The new kid on the block
Ice globes are another cryo-inspired at-home tool that you’ve probably spotted while scrolling through Instagram or TikTok. In December 2021, searches for the term “ice globes” jumped a whopping 194 percent from the month prior, according to global search platform Stylight. Hashtag #iceglobes has 12.9 million views on TikTok. Chilling stuff, right?
Simple in concept, just fill a set of two plastic orbs with water, and pop into the freezer for at least 15 minutes before using them similarly to any other facial massager. If you’ve seen any of your favorite influencers singing the praises of ice globes, there’s a solid chance they’re talking about the Aceology The Original Blue Ice Globe Facial Massager.
The skincare inspired by the science
For the tool-averse, Charlotte Tilbury and 111Skin are among the brands that have jumped on the frigid bandwagon, offering new skincare products with cryo-like benefits. The lines contain different products for different treatments—Cryo-Recovery Depuffing Eye Serum and Sub-Zero De-Puffing Eye Mask, respectively—but both contain forms of caffeine, which purportedly mimics the effect of at-home cryotech tools and devices.
Menthol—you know, that oh-so-minty, oh-so-strong scent that powers Icy Hot—is another cryo-inspired skincare ingredient. You’ll find it in some cooling masks for whenever your face needs a refresh. “Caffeine and other methylaxelines constrict the vessels thereby reducing flushing and edema and reducing skin temperature,” explains Alexiades. But what’s important to note, adds Alexiades, is that these ingredients only work on abnormally dilated vessels—think puffy under eyes after a night of too much sushi, a few cocktails, and not nearly enough water.
The totally free, DIY version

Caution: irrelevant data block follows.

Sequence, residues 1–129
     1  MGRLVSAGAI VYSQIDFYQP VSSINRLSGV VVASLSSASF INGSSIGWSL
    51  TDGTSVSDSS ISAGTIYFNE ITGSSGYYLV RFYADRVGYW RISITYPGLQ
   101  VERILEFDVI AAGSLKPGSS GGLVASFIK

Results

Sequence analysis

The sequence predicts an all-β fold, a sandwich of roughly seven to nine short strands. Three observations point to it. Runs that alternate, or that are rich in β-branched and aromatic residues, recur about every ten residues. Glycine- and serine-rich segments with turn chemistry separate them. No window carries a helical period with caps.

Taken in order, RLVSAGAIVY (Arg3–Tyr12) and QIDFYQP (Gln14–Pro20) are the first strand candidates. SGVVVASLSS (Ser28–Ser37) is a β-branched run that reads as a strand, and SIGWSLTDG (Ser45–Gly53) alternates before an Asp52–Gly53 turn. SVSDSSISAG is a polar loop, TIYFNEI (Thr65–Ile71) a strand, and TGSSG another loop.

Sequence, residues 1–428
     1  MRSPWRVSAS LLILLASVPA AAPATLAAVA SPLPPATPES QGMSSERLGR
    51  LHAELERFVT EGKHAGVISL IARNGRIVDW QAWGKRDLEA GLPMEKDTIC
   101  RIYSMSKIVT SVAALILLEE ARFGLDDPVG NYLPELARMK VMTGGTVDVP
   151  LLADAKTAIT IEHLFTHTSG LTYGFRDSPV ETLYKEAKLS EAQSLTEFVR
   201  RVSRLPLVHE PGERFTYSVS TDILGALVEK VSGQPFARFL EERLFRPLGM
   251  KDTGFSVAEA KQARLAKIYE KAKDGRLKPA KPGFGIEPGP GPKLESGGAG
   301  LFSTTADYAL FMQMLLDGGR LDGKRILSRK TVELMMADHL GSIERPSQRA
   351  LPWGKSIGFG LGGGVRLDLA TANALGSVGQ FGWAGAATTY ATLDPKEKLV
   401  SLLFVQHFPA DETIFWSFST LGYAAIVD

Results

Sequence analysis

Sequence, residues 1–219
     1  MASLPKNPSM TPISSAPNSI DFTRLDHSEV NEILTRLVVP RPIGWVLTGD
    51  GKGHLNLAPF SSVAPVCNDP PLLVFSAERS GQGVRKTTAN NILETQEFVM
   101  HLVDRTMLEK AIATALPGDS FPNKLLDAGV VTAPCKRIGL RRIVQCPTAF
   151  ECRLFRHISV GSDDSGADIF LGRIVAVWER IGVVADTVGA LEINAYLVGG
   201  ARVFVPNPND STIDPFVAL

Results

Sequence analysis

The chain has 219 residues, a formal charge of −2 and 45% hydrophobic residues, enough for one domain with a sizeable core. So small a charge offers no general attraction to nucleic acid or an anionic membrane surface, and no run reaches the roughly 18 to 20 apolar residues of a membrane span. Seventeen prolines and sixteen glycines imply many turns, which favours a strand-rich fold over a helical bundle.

As with any good beauty trend, there’s a way to mimic at-home cryofacial effects without spending a single buck. Your secret cryo tool? An ice cube.
“Start by wrapping your ice in a piece of soft gauze to avoid potential frostbite [more on that in a minute]—same goes for keeping the ice in one place for too long,” explains Dr. Maiman. “Move the ice cube along the underside of the jawline from chin to ear, trace the orbital bone [under eye] from its innermost portion outward, work in upward motions on the cheeks and speed over the forehead to finish, for about 5 to 10 minutes.” These specific movements will help to optimize lymphatic drainage, helping to decrease puffiness.
Regardless of the tool you use, it’s the physiological evaporative cooling and consequential rebound of skin after exposure to cold that leaves skin temporarily tightened, depuffed, and glowy. Pro-level results can last a week or two, but expect your DIY version to last less. As with nearly everything, though, consistency is key. The more regularly you massage your face, the more firming effects you’re going to see.
Taking the plunge: Is it worth it?
You might be hesitant to give ice a chance following supermodel Linda Evangelista’s highly publicized lawsuit regarding her bad reaction to CoolSculpting (an FDA-approved, non-surgical fat-freezing treatment)—but that’s not what we’re talking about here. Both treatments use cold temperatures in a non-invasive way, but cryofacials and at-home tools can aid in tightening skin and helping you feel rejuvenated, while CoolSculpting (scientific name: cryolipolysis) focuses on minimizing stubborn fat in targeted areas.
That said, extreme cold can have its downsides. Frostbite is the most well-known and most common side effect of cryotherapy, whether after receiving a spray of liquid nitrogen or massaging an ice cube into your face. Frostbite causes damage to blood vessels, which in turn gives skin that abnormal reddish-purple tinge.
What’s more, frostbite takes a while to recover from, given the potentially extensive capillary damage. “If somebody's [frequently overusing cryotechnology, it’s possible] they could get permanent damage to the capillaries in their faces,” Dr. Alexiades says.
Those who deal with rosacea, which is a skin condition that causes blushing or flushing and visible blood vessels in your face should, avoid any type of cryotherapy—at-home or in-office, says Dr. Alexiades. “While cold may constrict the blood vessels temporarily, blood vessels ultimately rebound worse…the minute the cold is removed, the rosacea flush returns even more.”
As for me, I’ll be carefully taking the cryotherapy plunge by stowing some of these cool tools in the fridge to help depuff my perennially bagged, twin-mom under eyes. After a middle of the night wake-up, there’s no cooler reassurance than knowing there’s an ice roller in the freezer ready to rescue me before starting my day.
This story appears in the May 2022 issue of Marie Claire.
Rachel Jacoby Zoldan is a freelance writer and editor. Her work has appeared in outlets including Racked, the Business of Fashion, Teen Vogue, Glamour, Shape, W, and SELF.